‘Signficant’ and ‘difficult’ choices to be made: Woolf
Economy: Cutbacks loom if operating costs not reduced, Queen’s principal warns.
By IAN ELLIOT
The Kingston Whig Standard November 27, 2009
Daniel Woolf delivered his first financial update as principal of Queen’s University yesterday, but the message was as gloomy as those delivered by his predecessor. Addressing a room full of faculty, staff and students at the Robert Sutherland Building yesterday, Woolf said the university’s financial situation remains as dire as ever.
Despite some recent concessions by employees, Woolf said a voluntary wage rollback was rejected by the university’s faculty association. He said if operating costs, primarily salaries and benefits, are not reduced, it will necessitate cutbacks that will further affect the quality of education at Queen’s.
“There will be significant, and difficult, choices to be made,” Woolf said, noting that trustees had told administrators to reduce the annual deficit to zero by the end of the 2012 fiscal year.
It is much the same scenario long painted by his predecessor, Tom Williams, who said the university, like many in Ontario, found itself in a perfect storm of falling government support, tumultuous markets that have reduced its endowments and rising costs.
Woolf revealed at the meeting that he had taken a 2% wage cut and would not accept his annual raise this coming year as a symbolic gesture.
“I have taken this step because I feel so strongly about what I see happening around me and how strongly I feel we need to take action,” he said. But his efforts to have faculty do the same appear to have fallen flat.
At the meeting, he revealed that the faculty association last week rejected his proposal that they take a similar voluntary cut, with 1% going to their individual faculty budget and the other half to the university’s deficit reduction efforts.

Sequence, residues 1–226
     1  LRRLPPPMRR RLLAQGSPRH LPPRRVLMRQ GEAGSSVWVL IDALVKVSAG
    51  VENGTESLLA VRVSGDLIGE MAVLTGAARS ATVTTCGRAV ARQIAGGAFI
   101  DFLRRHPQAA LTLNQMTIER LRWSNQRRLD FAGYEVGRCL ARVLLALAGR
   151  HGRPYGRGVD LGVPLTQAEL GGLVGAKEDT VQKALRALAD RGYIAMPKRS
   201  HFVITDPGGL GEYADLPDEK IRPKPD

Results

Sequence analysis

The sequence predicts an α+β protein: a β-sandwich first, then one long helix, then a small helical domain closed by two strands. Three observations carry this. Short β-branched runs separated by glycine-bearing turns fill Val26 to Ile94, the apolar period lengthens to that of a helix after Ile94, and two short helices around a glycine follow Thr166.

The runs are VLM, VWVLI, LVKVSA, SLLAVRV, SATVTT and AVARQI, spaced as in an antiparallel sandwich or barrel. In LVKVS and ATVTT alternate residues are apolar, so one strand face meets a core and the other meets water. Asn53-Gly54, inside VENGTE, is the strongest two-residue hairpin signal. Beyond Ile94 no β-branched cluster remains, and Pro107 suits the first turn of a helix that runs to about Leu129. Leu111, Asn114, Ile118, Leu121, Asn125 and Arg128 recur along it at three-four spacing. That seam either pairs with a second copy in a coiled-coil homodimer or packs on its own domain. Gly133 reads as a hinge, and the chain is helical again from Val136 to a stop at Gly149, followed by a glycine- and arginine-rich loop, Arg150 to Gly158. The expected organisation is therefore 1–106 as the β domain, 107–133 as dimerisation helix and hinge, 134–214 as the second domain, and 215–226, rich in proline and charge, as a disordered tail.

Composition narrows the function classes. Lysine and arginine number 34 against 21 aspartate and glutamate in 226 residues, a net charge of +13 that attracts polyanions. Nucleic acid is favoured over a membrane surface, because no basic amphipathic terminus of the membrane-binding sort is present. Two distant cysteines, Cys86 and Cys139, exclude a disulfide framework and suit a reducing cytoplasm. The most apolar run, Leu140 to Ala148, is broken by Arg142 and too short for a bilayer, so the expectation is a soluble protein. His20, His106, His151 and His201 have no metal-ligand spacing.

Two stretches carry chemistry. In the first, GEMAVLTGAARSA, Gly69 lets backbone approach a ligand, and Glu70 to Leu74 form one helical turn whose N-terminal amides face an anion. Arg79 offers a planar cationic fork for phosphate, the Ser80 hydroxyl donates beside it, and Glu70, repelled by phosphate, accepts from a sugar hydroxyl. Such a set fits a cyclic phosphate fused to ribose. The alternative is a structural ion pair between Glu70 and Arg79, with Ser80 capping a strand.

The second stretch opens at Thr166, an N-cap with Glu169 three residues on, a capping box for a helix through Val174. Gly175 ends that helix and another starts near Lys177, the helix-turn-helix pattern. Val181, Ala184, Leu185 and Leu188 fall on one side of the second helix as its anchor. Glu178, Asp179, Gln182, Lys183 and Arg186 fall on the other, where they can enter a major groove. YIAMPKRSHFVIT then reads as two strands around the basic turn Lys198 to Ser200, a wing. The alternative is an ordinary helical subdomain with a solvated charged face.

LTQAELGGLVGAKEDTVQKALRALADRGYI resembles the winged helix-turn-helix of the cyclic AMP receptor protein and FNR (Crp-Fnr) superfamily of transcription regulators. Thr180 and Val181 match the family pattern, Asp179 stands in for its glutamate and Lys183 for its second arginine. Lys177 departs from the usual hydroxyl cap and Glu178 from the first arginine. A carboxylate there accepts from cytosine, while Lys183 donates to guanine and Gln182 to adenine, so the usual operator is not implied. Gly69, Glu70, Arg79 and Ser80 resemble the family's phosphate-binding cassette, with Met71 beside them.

The faculty did agree to discussions about an early retirement package and other cost reduction efforts.
A different employee group, the staff association, recently signed a labour agreement that he said would save about $2 million a year and he held that deal with the non-union association up as an example.
He also said he was drawing money from other budgets to create a $1 million transition fund that academic departments could draw from if they wished to restructure and become more efficient. The fund would pay for one-time costs related to restructuring.
Woolf said with salaries and benefits making up 70% of the operating budget, they would be the main focus of university cost-cutting in the weeks and months to come. He also said the school’s efforts to eliminate its deficit would come from a number of small initiatives and not one grand cost-cutting effort.
“There is going to be no single solution to these issues,” he said.
“There is going to have to be a combination of measures”